Hurricane Isabel (18 September 2003) was an unusually severe storm for our area, and our Boaters’ Club members prepared in a number of different ways. A large number of boats evacuated the marina and opted for haul-out at another local marina. Boat US and a number of other experts recommend this as the approach most likely to avoid damage. This recommendation is based on a large amount of data compiled nationwide over the years. Unfortunately, Isabel was accompanied by enough tidal surge water to float the hauled boats off their jack-stands and, when the water receded, to pile them up, causing quite a bit of damage. This phenomenon was noted up and down the Chesapeake Bay and was not unique to our locale.
On the other hand, boats that remained in the marina were also damaged. Smaller boats that were secured were not damaged, while some larger, beamier boats stretched or broke dock lines and banged against one another, causing severe rub-rail and topside damage. One or two small boats that were not secured caused damage to larger boats in adjacent slips. One large cruising yacht was moored a short way up river from the marina and was unscathed. One of our smaller yachts was moored in one of the shallow-water creeks and was also unscathed. On the other hand, one boat was moored up the Nansemond River, broke loose, ended up nearly a mile inland, and had to be manually hauled across the swamp to deep water.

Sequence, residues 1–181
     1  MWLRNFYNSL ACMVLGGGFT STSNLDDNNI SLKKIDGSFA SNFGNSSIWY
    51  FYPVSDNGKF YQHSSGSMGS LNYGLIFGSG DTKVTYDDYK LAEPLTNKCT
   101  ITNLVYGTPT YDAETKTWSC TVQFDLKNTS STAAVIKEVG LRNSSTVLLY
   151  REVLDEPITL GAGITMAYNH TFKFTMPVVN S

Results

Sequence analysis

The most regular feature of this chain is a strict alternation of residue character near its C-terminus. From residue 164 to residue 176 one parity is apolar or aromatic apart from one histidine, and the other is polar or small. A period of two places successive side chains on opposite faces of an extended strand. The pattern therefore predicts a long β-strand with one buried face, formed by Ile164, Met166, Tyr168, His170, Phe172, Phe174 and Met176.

Lessons we may glean from this are:
(a) If you haul your boat, do not under estimate the ability of the storm surge to float it off its cradle or jack-stands. If you cannot find a high-ground marina, consider filling your boat with enough water to keep if from floating. This might cause some water damage but will avoid possible and costly hull repair.
(b) If you do not haul your boat, add additional lines and, again mindful of the surge, try to secure dock lines to more than one piling, preferably the tallest pilings you can reach.
(c) If you do not haul your boat, consider working with the marina staff to use the slips emptied by those who do haul to provide more space between the boats that remain.
(d) If you moor-out, use extra heavy ground-tackle and chain and at least two anchors.
Another bit of advice that emerged had to do with the wide range of repair estimates received by members. We hope you won’t need such services, but there appears to be good reason to shop around.